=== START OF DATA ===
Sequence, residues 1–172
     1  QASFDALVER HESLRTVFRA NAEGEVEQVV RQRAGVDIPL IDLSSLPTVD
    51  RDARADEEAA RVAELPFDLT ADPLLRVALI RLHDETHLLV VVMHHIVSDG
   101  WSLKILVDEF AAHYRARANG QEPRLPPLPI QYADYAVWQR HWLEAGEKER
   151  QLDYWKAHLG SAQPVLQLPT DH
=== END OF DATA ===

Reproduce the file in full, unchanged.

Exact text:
Sequence, residues 1–172
     1  QASFDALVER HESLRTVFRA NAEGEVEQVV RQRAGVDIPL IDLSSLPTVD
    51  RDARADEEAA RVAELPFDLT ADPLLRVALI RLHDETHLLV VVMHHIVSDG
   101  WSLKILVDEF AAHYRARANG QEPRLPPLPI QYADYAVWQR HWLEAGEKER
   151  QLDYWKAHLG SAQPVLQLPT DH